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Really the Last Post about Oxford

I thought that my last post would be the last about Oxford.  Well, it was the last from Oxford, but not the last about Oxford.  I promise this will be my last Oxford-related post!

The last week I was in Oxford I didn't really do much.  I'd seen everything I had wanted to see, so I just went for walks and packed and took care of some last-minute details.  As I mentioned before, we lived very near a meadow.  This meadow was a grazing area for cows and horses and ponies, but people could walk through it and even sit on the grass and read a book, chat with a friend, or have a picnic....better watch where you sit, though! 
I often saw the cows, but had only seen the horses one evening way down at the other end of the meadow, which is probably at least a mile long.  So one of my last days I went out with my camera to find the horses, assuming I'd have to walk all the way to the end.  I arrived at the meadow and there they were at our end of the meadow!  I tried to find out information about these horses.  I read some place that they are wild horses, but I don't think they are.  Some of them had blankets on and they were all very tame.  In fact, one was a little too friendly and even though I didn't have anything to give him he almost acted like he'd stick his nose right in my pockets looking for a carrot or something! 

The night before I left John and I went punting with two of our friends we had met in Niger about seven years ago. Punting is very much an Oxford (also Cambridge) tradition.  You go in a flat boat and
use a pole to navigate.  We were moving along down the river, eating our sandwiches.  John was eating his sandwich, talking away, when the guy poling said, "Watch out there, John!"  John looks to his left and there was a swan so close he was trying to snatch John's sandwich right out of his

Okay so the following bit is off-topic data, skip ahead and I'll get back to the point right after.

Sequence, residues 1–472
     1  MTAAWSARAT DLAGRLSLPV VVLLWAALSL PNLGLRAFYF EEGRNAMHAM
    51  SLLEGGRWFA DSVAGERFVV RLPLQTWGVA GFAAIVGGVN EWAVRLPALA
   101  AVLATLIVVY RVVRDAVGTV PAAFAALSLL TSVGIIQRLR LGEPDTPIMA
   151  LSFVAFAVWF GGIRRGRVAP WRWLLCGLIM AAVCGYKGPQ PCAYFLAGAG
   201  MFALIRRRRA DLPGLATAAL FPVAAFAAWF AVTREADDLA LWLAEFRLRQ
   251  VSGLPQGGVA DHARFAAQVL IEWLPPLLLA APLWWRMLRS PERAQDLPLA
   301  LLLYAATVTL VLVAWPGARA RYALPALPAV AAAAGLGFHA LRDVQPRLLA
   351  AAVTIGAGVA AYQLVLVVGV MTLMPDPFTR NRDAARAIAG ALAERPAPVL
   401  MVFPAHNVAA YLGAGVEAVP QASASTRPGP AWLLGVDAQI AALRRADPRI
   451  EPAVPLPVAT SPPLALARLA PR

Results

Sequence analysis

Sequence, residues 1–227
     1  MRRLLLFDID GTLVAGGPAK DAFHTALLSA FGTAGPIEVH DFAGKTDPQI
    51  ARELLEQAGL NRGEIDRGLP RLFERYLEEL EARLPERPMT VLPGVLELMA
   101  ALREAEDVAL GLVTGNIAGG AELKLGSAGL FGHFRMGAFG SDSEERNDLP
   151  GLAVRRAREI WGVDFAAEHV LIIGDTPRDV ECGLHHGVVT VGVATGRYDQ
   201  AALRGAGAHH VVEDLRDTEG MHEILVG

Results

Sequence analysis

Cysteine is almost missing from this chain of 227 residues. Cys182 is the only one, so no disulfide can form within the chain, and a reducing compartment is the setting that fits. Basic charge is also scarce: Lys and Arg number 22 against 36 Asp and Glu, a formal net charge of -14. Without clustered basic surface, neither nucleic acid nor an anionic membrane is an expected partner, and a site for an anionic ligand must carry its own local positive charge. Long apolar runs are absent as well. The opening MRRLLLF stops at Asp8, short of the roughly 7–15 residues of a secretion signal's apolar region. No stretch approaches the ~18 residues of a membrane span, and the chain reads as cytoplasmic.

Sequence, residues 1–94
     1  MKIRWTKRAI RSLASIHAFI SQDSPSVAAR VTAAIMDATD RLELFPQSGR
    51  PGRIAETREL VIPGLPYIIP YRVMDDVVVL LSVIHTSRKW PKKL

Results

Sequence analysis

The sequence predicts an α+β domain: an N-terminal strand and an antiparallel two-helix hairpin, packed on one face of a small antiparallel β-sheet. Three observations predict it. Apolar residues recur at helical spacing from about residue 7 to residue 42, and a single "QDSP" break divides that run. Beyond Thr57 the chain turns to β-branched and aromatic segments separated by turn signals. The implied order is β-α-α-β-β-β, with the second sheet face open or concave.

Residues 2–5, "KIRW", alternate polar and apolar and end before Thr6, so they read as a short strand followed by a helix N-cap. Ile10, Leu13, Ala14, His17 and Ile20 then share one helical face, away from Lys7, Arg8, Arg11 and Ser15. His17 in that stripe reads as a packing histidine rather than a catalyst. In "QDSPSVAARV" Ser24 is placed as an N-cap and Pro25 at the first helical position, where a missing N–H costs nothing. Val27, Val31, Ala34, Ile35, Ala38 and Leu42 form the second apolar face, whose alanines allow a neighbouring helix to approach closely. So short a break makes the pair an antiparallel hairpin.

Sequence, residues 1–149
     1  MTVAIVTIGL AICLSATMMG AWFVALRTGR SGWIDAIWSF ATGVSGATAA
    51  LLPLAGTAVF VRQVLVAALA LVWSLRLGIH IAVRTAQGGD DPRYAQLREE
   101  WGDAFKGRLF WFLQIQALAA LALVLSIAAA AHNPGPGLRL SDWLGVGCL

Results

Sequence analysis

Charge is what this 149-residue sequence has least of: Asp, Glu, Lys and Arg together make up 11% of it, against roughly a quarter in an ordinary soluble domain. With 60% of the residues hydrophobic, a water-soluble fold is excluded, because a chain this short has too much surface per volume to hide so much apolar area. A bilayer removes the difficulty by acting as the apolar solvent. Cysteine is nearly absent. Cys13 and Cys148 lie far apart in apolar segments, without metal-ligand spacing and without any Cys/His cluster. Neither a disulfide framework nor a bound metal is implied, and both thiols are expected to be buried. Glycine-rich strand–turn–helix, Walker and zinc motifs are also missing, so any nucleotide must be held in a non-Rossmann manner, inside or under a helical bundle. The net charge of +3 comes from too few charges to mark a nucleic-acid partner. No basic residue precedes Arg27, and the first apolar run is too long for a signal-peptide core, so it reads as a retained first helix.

hand!  We threw some chips in the water to get him to go away from the boat.  He glided along with us for awhile, but soon lost interest.  Both of our friends took a turn punting and then they turned it over to John.  It's not as easy as it looks....a few weeks earlier we had watched people punting.  They were going around in circles, going backwards, and bumping it from one bank to another. 
The pole is over 12 feet long and heavy and it takes awhile to get the knack of using it to propel the boat forwards and not backwards and to use it to steer in the direction you really want to go.  Once John got the hang of working with the pole, he did a really great job.  It was an hour well spent (we just rented the boat for an hour).  If you want you can also hire a punter with your punt, but we wanted to do it ourselves. 
Our flat was near the canal and there were always mallards and moor hens that liked to be fed crusts of bread.  Right before I left I noticed this mallard had a brood of ten ducklings!
I flew back to the US on Thursday and had an uneventful trip.  I even had an empty seat next to me which gave me a lot more room to spread out and be comfortable.  Daniel and Suzanne got home from Cedarville on Friday and my parents are up from Florida.  We are enjoying the fantastic spring weather, but are missing John who is back to cold and rainy weather in England.
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